Weekend closures, lane restrictions impact SR 99, I-5 and I-90

South Lake Union plan moves forward

This is an archived article and the information in the article may be outdated. Please look at the time stamp on the story to see when it was last updated.

SEATTLE — After months of debate, the Seattle City Council took a key vote Monday to rezone the South Lake Union neighborhood.

It was the last big milestone in the makeover plan for South Lake Union, including 16-story residential towers at the lake that stair-step up to 40-story towers near Denny Way.

Before the vote, City Council members heard from a number of people in the community who wanted to make sure that with all that new height, the neighborhood doesn’t just become a place for the rich.

“Increasing the building heights, zoning in that area, is essentially a windfall profit to landowners,” said Michael Goldman, who recently received his master’s degree in urban planning. “That’s unearned wealth. The public should capture some of that wealth for affordable housing.”

In recent weeks, lawmakers have come to agree on the increased heights, but have disagreed about how much to require of those who want to build to that new level.

“We are asking developers to say, hey, set aside some housing units for workforce people making these entry level wages at some of these jobs here so they can be part of this neighborhood, too,” said City Councilman Mike O’Brien.

O’Brien successfully pushed a plan Monday to mandate that 5 percent of new units be affordable to those making 80 percent of median income or below, which is $45,000 per year.

Developers would also have the choice to pay into an affordable-housing pool at the rate of $22 a square foot for any new height for which they take advantage.

“At $22, we think that price is high enough that they won’t want to pay the city to build;  they will just provide the housing themselves,” O’Brien said.

As the council finalized the details of the overall South Lake Union plan, there was some continued frustration at the scale of what is being proposed.

“On really some key issues we’re disappointed in their performance,” said   John Pehrson, a resident of South Lake Union. “Putting 400-foot towers between Denny and John is just out of scale totally. It’s on a street that’s dead end and that is 40 feet wide. I don’t know how they will get in and out.”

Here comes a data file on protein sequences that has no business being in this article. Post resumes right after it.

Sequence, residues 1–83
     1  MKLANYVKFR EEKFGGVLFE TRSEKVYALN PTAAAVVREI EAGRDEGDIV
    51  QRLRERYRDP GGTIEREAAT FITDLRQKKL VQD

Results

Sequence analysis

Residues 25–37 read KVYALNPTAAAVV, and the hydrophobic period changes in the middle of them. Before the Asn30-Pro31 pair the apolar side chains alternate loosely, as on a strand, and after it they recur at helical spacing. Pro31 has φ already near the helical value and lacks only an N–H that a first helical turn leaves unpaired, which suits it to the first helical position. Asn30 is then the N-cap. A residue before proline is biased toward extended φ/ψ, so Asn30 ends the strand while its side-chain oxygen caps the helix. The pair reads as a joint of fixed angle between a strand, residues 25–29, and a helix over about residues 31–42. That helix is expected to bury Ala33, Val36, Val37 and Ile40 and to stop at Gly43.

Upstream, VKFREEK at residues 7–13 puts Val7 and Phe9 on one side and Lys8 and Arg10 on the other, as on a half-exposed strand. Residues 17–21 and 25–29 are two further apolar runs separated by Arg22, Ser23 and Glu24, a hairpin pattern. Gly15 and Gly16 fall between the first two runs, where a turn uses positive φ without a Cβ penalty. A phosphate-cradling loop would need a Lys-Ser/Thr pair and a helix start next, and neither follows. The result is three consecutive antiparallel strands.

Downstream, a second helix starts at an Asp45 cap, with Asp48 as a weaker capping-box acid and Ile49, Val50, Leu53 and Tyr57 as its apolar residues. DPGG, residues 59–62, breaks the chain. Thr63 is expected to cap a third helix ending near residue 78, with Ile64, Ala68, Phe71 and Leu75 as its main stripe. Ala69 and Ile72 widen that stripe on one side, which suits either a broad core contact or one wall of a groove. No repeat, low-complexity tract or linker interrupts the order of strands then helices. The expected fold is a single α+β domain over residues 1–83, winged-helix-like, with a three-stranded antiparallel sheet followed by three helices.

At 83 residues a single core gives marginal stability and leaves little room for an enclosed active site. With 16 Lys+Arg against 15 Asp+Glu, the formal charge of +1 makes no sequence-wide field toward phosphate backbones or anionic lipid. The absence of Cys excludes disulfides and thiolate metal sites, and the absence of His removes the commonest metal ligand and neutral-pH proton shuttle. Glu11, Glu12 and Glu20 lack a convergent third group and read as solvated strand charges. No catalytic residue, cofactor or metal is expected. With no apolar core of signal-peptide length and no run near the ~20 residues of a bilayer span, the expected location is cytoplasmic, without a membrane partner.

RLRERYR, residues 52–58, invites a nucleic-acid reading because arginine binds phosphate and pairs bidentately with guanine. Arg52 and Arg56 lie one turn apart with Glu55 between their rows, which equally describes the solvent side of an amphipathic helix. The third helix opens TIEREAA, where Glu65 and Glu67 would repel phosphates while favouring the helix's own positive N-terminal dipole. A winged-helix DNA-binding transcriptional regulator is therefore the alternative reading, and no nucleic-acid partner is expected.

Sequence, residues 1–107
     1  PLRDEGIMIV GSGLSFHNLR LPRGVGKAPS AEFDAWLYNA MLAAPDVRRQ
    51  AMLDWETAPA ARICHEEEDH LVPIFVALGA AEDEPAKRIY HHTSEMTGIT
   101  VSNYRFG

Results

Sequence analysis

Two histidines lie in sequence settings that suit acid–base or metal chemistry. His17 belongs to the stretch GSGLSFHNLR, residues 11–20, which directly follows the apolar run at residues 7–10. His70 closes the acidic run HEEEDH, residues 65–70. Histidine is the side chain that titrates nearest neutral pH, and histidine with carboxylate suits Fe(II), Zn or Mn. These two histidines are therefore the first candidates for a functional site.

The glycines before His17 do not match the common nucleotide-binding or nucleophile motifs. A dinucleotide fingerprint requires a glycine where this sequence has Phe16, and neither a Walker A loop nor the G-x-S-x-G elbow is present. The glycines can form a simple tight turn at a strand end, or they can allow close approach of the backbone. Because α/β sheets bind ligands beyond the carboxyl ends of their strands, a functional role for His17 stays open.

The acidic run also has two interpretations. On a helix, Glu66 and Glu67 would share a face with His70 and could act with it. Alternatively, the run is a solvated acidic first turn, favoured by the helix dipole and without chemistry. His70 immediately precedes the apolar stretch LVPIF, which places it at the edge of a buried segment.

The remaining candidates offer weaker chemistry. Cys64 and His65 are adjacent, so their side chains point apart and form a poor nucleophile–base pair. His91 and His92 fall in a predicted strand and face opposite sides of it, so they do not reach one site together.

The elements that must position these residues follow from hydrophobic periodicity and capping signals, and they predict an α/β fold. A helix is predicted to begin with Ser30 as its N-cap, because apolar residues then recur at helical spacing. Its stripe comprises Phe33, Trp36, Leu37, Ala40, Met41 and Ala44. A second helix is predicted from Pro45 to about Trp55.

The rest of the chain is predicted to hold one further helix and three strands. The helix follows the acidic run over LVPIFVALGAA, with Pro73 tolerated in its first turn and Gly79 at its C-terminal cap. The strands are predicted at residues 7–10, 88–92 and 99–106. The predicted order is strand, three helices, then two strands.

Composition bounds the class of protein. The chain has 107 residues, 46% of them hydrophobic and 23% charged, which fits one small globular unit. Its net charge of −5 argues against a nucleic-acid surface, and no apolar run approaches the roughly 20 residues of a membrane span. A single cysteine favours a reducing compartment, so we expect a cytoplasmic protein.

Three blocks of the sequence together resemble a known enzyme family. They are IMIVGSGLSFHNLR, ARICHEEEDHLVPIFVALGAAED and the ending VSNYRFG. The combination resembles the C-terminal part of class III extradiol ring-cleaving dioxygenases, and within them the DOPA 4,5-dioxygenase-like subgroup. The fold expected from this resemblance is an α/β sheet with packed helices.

There is a final pro forma vote on the entire South Lake Union plan in a couple weeks.  But for all intents and purposes, the overhaul is now law and development in the neighborhood will soon begin under the new rules.

Leave a Reply

Fill in your details below or click an icon to log in:

WordPress.com Logo

You are commenting using your WordPress.com account. Log Out /  Change )

Google+ photo

You are commenting using your Google+ account. Log Out /  Change )

Twitter picture

You are commenting using your Twitter account. Log Out /  Change )

Facebook photo

You are commenting using your Facebook account. Log Out /  Change )


Connecting to %s


  • John Gilday

    Build. Build high and build dense.
    The future of tech in Seattle rests in South Lake Union ONLY if there is the space and infrastructure to support it.

    Want affordable housing? Live in Burien or Everett and take the bus, that's what I did with tens of thousands of others. Living lakeside – whether in Kirkland or South Lake Union – is a reward for studying, working hard and making sacrifices. Simply being born is not a credit card to the good life.

    Complaints about 'impacted views of The Space Needle' are specious. The Space Needle is a for-profit, private corporation that pulls out the 'Icon of Seattle' card when it's appropriate, then claims 'private business' rights when that's the prudent course.

    The tens of thousands of jobs in SLU will cushion Seattle during the next economic downturn and more than replace the jobs Boeing sends to South Carolina.

    Wanna see The Needle? Go to the Denny Way 7/11. Wanna show visitors a Seattle icon? Take 'em to Ivars.

  • guest

    Is "affordable housing" the same as "affordable healthcare"? If so no average person will be able to afford it! The problem with "affordable" anything is that it is a relative term and usually defined in a given instance by the wealthy who can afford anything.